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5 Divident Stocks T0 Own Forever
Long-Term Gold Price Outlook: Supply Issues Say Robust Moves Ahead Lombardi Letter 2023-07-17 09:29:56 gold price gold prices price of gold gold market gold discoveries gold production The supply side of the gold market continues to make a bullish case for $3,000/ounce gold prices. Gold discoveries have dwindled over the past few years, and this situation could get a lot worse in the coming years. Analysis & Predictions,Commodities,Gold

Long-Term Gold Price Outlook: Supply Issues Say Robust Moves Ahead

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Long-Term Gold Price Outlook: Supply Issues Say Robust Moves Ahead

Ailing Supply Side Says Gold Prices Could Skyrocket

There’s a perfect storm brewing in the gold market, and it could send the price of gold beyond $3,000 an ounce. If investors position themselves right, they could generate immense gains in the coming years.

Take a look at the supply side of the gold market. There are so many constraints that, if we assume that the demand remains at its current level and basic economics play out, it’s hard to see gold prices remaining around $1,900 an ounce.


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Basic economics say that, when supply drops and demand increases or remains the same, price goes up.

The future supply of gold is becoming questionable. Trends are showing that gold discoveries aren’t as abundant as they used to be. The days of stumbling upon massive gold deposits seem to be fading away.

Gold Discoveries Dwindling; Anemic Production Ahead

According to S&P Market Intelligence, between 1990 and 2021, there were 341 discoveries containing at least two million ounces of gold. Altogether, these discoveries contained 2.7 billion ounces of gold in reserves, resources, and past production. (Source: “Gold RRS 2022 — Surge in Recent Discoveries,” S&P Global Market Intelligence, May 3, 2022.)

Sounds immense, right?

But here’s what you should: the vast majority of these discoveries were before 2010.

The past decade or so has been horrible when it comes to gold discoveries. Between 2010 and 2020, there were only 44 discoveries, and they contained just 278 million ounces of gold. Between 2017 and 2020, there were only eight gold discoveries, and they contained just 35.4 million ounces of gold.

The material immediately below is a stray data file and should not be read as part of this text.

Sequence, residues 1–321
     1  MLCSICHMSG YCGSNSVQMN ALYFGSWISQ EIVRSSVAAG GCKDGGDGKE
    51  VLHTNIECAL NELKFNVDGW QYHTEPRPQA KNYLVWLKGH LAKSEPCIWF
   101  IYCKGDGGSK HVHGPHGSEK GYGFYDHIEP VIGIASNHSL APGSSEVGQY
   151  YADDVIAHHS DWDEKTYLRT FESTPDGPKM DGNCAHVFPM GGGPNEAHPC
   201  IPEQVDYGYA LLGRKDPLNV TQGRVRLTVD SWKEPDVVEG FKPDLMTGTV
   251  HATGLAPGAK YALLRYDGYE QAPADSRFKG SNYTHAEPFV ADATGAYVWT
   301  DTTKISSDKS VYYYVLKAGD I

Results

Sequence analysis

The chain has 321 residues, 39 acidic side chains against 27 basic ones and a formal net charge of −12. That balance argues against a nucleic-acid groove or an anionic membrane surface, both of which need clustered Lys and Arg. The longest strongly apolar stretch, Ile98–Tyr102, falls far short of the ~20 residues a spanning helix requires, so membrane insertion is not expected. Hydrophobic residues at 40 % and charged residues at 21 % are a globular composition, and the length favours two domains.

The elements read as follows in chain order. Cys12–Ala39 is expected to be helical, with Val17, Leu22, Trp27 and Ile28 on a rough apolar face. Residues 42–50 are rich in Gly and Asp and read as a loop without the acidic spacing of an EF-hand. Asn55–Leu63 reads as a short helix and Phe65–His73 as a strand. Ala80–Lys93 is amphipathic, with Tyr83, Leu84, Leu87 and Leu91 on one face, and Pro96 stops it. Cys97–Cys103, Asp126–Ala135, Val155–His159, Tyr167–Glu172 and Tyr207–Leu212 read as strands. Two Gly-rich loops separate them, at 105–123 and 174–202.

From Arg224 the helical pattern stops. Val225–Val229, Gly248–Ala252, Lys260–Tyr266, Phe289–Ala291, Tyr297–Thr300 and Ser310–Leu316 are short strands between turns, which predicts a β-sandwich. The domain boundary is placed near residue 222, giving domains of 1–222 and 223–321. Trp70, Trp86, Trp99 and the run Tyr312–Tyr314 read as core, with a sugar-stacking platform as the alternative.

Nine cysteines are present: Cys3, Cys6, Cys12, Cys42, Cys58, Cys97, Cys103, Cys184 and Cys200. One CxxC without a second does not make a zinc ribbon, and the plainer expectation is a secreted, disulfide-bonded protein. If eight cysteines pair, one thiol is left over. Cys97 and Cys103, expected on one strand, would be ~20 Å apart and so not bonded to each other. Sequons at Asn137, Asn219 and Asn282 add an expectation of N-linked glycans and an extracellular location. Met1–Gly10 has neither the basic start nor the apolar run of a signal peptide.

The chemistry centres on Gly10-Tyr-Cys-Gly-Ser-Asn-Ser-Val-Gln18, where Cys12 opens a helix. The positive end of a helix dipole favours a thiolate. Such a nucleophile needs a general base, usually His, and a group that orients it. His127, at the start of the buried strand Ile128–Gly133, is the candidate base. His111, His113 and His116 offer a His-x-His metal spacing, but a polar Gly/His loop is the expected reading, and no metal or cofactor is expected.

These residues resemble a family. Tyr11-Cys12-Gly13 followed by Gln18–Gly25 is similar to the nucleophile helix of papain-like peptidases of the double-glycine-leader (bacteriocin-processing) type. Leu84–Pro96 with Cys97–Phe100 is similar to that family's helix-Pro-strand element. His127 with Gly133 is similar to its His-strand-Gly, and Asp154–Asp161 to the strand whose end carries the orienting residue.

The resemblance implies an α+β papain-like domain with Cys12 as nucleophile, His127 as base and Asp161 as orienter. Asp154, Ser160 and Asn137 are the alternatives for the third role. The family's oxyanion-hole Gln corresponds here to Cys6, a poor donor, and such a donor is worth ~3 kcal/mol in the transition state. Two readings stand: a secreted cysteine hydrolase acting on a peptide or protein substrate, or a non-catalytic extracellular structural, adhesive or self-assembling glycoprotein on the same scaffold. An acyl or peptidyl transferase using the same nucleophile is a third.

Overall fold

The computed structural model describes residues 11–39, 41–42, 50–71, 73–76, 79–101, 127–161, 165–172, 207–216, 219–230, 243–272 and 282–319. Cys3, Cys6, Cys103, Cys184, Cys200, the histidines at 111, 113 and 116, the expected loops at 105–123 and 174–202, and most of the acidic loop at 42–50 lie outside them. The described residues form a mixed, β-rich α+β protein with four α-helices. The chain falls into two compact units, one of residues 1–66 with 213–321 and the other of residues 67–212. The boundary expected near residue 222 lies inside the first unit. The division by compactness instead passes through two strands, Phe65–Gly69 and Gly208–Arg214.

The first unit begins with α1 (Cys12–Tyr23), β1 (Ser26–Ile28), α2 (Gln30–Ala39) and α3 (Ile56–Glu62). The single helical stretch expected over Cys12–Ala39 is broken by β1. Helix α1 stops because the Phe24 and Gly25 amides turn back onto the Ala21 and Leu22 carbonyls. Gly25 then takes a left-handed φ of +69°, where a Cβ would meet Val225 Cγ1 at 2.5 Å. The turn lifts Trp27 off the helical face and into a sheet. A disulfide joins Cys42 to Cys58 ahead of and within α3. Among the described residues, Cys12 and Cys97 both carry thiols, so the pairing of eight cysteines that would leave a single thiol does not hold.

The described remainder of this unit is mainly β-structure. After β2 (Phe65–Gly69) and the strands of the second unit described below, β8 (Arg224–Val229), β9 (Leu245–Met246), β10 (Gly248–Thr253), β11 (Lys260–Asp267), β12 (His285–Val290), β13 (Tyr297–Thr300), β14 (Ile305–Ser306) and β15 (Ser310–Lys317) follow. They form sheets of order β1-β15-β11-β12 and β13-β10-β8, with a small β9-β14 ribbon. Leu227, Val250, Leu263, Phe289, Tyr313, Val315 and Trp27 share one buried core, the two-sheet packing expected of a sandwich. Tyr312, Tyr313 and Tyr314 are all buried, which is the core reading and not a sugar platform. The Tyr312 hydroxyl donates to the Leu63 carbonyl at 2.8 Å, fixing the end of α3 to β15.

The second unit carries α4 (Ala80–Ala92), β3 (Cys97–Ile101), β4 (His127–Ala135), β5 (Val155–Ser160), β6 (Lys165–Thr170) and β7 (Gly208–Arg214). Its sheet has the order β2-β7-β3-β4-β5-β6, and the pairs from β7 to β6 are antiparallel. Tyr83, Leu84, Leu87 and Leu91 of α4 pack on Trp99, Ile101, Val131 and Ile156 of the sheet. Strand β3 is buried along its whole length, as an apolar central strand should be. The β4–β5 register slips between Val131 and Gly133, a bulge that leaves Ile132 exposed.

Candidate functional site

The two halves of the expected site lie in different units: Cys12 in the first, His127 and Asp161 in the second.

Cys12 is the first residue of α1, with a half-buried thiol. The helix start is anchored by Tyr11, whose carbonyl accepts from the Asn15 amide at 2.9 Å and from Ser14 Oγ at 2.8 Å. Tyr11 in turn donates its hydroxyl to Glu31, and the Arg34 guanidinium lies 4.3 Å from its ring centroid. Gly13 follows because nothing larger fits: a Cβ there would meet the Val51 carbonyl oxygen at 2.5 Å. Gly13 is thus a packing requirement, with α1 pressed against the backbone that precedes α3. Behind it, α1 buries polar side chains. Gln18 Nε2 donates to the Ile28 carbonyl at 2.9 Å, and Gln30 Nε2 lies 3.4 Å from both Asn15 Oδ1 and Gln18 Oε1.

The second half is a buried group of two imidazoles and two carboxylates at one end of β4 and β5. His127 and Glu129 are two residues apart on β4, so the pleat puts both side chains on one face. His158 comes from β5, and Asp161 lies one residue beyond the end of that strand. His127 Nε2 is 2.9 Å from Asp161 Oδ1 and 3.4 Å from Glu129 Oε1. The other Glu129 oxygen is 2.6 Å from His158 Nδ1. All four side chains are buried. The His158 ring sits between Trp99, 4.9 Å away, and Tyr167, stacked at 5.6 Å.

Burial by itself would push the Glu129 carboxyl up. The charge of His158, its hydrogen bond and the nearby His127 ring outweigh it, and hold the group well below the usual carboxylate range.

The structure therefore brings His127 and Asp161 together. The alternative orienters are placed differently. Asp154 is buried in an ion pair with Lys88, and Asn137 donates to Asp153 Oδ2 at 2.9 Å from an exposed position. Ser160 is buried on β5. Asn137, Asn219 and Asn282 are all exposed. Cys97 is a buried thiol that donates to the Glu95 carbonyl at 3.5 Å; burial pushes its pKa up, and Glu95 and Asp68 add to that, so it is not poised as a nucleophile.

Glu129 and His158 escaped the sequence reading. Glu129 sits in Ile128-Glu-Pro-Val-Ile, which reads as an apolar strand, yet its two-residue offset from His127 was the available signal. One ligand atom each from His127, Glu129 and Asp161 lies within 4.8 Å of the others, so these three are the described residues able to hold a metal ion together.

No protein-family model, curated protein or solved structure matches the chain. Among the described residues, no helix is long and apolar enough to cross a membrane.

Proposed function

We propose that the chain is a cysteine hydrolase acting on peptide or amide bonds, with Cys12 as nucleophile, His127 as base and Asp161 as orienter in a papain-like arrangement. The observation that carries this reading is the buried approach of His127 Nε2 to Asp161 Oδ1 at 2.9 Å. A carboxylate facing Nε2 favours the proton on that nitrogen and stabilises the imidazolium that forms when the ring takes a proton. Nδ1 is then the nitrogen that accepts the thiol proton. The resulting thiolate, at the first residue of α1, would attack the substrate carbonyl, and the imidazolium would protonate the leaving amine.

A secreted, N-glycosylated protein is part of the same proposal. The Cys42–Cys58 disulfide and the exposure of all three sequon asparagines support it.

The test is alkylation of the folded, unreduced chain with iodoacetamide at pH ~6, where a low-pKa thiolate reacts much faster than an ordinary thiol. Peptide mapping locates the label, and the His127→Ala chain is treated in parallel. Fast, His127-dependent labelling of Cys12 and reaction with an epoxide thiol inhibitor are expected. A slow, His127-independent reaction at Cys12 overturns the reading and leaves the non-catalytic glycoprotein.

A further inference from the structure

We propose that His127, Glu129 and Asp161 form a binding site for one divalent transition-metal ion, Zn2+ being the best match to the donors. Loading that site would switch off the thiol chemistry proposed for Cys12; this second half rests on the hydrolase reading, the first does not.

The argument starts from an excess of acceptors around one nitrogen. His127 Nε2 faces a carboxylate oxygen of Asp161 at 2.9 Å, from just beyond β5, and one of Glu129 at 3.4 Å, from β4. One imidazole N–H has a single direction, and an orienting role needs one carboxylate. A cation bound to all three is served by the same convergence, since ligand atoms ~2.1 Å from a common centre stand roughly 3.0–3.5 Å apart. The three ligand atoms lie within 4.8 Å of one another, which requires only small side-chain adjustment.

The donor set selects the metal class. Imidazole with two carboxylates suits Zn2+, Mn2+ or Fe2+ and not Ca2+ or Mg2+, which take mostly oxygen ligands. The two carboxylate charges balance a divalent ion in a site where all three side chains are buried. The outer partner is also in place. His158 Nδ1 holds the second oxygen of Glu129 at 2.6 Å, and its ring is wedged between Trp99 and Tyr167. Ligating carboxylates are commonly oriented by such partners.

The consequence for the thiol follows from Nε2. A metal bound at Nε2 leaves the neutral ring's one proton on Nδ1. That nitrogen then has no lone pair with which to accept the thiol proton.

As discoveries continue to be dire, gold production is expected to slow down. S&P Market Intelligence said its most optimistic view is that overall gold production will have very little growth in the coming years and will start to decline by 2028.

Why is this?

Almost half of the gold discoveries studied by S&P Market Intelligence aren’t in production yet. Only 33 of the discoveries have reserves and resources of more than 10 million ounces of gold. That amount could allow a mine to produce more than 200,000 ounces per year over a long period.

What will happen to gold discoveries in the coming years?

Understand this: gold discoveries essentially happen when miners are flush with cash and precious metal prices are high. As it stands, interest rates have increased immensely, stock investors aren’t big fans of precious metal mining companies, and gold prices aren’t flying.

Therefore, it could become difficult for companies to raise money to go out and explore for more gold. This will hurt the supply side further.

Gold Price Outlook: Bases Loaded for Massive Upside Move

Dear reader, there are very few assets right now for which the fundamentals are making a case for soaring prices. Gold prices have a very shiny outlook, to say the least. All the bases are loaded for a massive move to the upside.

I must say this, though: I don’t expect the price of gold to skyrocket quickly. I think the rise will initially be a slow process. When gold prices start to increase consistently by $100.00, $200.00, or more per day, that’s when the gold market could be getting to the mania phase. That might be the time for investors to get out, rather than in.

In the near term, though, I suspect gold prices will drop a little. This is mainly because interest rates have increased a bit and the economy is slowing down. This, I think, increases the odds of something breaking (a crisis of some sort). If something breaks, it could create a liquidity crisis, and gold is one of the first assets that gets sold.

But the lower the price of gold goes in the near term, the better it will be for investors.

Where’s the opportunity?

If gold discoveries are becoming scarcer and production is expected to slow down, won’t miners that are sitting on large (and increasing) gold deposits be considered the kings of the gold hill?

I think so. These companies, by spending money now to build up their reserves and get their production in order, are essentially securing their own futures. They could be the ones that provide the biggest returns to investors.

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